For me, my friendship with Amye was the one space where I could practice what I learned in therapy: mutual listening. And we both shared that responsibility, listening to one another with patience and without judgement. On the days when I experienced a great helplessness, an unimportance of my own life compared to those whose loved ones were murdered, I release these stories from my body, exchange them with Amye, and she exchanges her stories with me. That mutual support was required if we were to continue together down this isolated thoroughfare.

A few days after receiving Karein’s email, I finally email her back, acknowledging receipt of the photos she’s sent me. It’s time to go through her photo essay and insert the images and captions.

Before I start, I text Amye, Karein sent me the photos of her father.

Oh boy, she replies.

I feel like the only girl in the world sometimes, I message her.

You’re the only one that understands what I’m going through, Amye replies.

I take a deep breath and focus on inserting the photos in her essay as we discussed. Afterward, I give myself permission to cry. I cried for Karein and her family because they live on without Chris. I cried because through our friendship, Amye and I, have managed to persevere throughout this dark process. And I cried because I know these stories will change the world with the sounds of their suffering. They will make us all feel less alone, and provide immeasurable amounts of hope in the aftermath of so much destruction. They will also expose the nation to pain endured by survivors of gun violence, a pain closer to us than we can often sense, and a pain we all must endure together.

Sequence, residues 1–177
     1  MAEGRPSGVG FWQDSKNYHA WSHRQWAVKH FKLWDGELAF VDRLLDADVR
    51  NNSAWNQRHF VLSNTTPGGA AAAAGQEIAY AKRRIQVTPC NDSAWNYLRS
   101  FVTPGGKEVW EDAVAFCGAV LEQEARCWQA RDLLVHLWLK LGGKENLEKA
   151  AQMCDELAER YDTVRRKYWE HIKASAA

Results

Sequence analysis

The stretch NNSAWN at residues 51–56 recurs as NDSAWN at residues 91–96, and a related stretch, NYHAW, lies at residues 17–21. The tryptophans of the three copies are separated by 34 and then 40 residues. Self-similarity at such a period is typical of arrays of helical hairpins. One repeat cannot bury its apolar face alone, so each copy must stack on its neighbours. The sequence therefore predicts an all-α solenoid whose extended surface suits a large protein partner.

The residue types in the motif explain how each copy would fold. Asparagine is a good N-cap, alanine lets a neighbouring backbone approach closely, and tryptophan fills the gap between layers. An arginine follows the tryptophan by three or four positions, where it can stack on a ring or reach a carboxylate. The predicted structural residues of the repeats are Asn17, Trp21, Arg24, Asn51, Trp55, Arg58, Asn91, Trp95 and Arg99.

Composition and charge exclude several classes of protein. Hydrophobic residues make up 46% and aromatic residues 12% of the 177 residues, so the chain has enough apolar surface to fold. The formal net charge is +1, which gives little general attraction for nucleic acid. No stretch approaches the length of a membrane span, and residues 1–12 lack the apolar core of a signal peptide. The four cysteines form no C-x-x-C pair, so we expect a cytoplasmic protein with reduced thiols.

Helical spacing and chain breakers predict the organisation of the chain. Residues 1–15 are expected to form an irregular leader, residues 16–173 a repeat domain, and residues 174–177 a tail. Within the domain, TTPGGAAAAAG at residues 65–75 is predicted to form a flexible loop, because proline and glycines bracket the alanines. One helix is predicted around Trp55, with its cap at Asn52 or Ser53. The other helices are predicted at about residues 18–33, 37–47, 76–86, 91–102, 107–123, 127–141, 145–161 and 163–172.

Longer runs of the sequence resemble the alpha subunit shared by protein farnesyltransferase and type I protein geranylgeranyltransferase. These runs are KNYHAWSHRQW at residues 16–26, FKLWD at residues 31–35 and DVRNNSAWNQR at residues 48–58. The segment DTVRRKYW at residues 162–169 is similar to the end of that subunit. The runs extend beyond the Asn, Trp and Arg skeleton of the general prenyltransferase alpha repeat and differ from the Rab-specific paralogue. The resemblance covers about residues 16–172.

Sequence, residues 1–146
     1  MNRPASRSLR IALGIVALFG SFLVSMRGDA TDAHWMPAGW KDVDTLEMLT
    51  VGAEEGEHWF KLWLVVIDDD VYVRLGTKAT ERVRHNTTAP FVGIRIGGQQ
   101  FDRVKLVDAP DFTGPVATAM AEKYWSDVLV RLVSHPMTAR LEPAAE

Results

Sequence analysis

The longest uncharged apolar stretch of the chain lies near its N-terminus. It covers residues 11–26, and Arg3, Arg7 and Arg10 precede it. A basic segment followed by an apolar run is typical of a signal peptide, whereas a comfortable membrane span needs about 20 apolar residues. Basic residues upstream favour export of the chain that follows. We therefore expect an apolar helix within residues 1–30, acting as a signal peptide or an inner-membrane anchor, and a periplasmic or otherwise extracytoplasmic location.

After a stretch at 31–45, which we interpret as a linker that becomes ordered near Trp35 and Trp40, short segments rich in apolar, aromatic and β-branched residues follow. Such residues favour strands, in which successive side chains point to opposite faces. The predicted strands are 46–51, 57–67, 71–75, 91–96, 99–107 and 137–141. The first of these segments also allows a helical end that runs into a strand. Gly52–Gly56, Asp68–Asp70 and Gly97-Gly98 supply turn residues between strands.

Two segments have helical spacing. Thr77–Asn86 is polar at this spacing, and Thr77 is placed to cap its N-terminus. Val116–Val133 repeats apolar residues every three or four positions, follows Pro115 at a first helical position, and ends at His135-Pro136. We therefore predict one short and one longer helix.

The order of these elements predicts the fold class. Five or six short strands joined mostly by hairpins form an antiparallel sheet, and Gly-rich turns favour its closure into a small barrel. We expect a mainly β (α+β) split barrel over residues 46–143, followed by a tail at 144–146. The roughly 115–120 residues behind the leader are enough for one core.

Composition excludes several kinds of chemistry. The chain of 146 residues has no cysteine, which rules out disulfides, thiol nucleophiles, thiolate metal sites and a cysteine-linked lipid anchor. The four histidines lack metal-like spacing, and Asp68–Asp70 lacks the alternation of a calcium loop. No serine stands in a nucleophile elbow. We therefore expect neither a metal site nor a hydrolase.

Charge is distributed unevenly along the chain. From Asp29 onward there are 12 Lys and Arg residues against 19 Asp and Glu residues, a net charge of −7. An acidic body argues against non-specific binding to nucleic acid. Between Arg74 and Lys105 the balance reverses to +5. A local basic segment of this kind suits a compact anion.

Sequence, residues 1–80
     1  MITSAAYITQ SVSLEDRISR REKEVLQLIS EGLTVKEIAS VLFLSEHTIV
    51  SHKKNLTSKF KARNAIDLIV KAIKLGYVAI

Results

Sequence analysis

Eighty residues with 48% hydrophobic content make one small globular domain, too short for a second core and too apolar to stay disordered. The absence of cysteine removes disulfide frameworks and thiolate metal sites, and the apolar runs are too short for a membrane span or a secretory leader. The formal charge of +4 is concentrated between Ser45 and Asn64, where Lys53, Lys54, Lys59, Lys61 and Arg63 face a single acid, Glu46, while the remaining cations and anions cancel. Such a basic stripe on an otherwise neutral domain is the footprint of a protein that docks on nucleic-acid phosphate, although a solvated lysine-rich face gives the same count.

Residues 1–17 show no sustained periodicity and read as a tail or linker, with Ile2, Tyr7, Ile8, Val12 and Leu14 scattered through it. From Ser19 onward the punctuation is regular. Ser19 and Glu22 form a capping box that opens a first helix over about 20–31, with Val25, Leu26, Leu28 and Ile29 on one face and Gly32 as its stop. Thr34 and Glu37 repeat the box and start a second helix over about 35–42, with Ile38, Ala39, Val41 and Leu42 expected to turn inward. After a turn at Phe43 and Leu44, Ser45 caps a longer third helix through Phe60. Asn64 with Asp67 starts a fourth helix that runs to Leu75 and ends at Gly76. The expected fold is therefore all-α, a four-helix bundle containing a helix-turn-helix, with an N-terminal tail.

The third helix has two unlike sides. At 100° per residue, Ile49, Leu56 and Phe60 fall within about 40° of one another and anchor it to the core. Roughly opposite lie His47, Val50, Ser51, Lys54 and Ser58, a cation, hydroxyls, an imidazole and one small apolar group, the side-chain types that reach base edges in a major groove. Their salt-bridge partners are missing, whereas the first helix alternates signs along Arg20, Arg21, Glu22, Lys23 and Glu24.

Rumpus original art by Genevieve Tyrrell.


Some names in the above essay have been changed. The anthology If I Don’t Make It, I Love You: Survivors in the Aftermath of School Shootings will be released from Skyhorse in summer 2019.

Loren Kleinman is the co-editor of If I Don't Make It, I Love You: Survivor's in the Aftermath of School Shootings (Skyhorse, Summer 2019), a collection of primary narratives written by survivors of—and those most affected by—school shootings from the last 50 years. Her nonfiction has appeared in Ms., the New York Times, the New York Daily News, The Huffington Post, Ploughshares, Cosmopolitan, Redbook, Woman’s Day, Seventeen, Good Housekeeping, BUST, USA Today, and more. Kleinman’s The Dark Cave Between My Ribs was named one of the best poetry books of 2014 by Entropy magazine. Her short film, Suffering Is the Easy Part, directed and produced by Jaime Ekkens, is distributed by Seed & Spark and Docademia. More from this author →